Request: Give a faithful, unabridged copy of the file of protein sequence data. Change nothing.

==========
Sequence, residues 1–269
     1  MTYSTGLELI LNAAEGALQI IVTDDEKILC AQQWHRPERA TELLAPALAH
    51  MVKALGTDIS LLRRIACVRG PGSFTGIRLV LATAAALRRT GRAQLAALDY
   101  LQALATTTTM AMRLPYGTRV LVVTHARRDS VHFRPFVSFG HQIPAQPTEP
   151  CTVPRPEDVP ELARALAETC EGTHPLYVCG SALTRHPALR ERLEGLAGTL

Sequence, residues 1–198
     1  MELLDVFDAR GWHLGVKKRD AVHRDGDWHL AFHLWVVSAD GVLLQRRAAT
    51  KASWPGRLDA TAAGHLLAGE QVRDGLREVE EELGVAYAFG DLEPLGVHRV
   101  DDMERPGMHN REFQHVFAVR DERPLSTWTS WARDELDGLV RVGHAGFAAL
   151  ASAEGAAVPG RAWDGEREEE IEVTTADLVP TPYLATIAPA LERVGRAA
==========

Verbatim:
Sequence, residues 1–269
     1  MTYSTGLELI LNAAEGALQI IVTDDEKILC AQQWHRPERA TELLAPALAH
    51  MVKALGTDIS LLRRIACVRG PGSFTGIRLV LATAAALRRT GRAQLAALDY
   101  LQALATTTTM AMRLPYGTRV LVVTHARRDS VHFRPFVSFG HQIPAQPTEP
   151  CTVPRPEDVP ELARALAETC EGTHPLYVCG SALTRHPALR ERLEGLAGTL

Sequence, residues 1–198
     1  MELLDVFDAR GWHLGVKKRD AVHRDGDWHL AFHLWVVSAD GVLLQRRAAT
    51  KASWPGRLDA TAAGHLLAGE QVRDGLREVE EELGVAYAFG DLEPLGVHRV
   101  DDMERPGMHN REFQHVFAVR DERPLSTWTS WARDELDGLV RVGHAGFAAL
   151  ASAEGAAVPG RAWDGEREEE IEVTTADLVP TPYLATIAPA LERVGRAA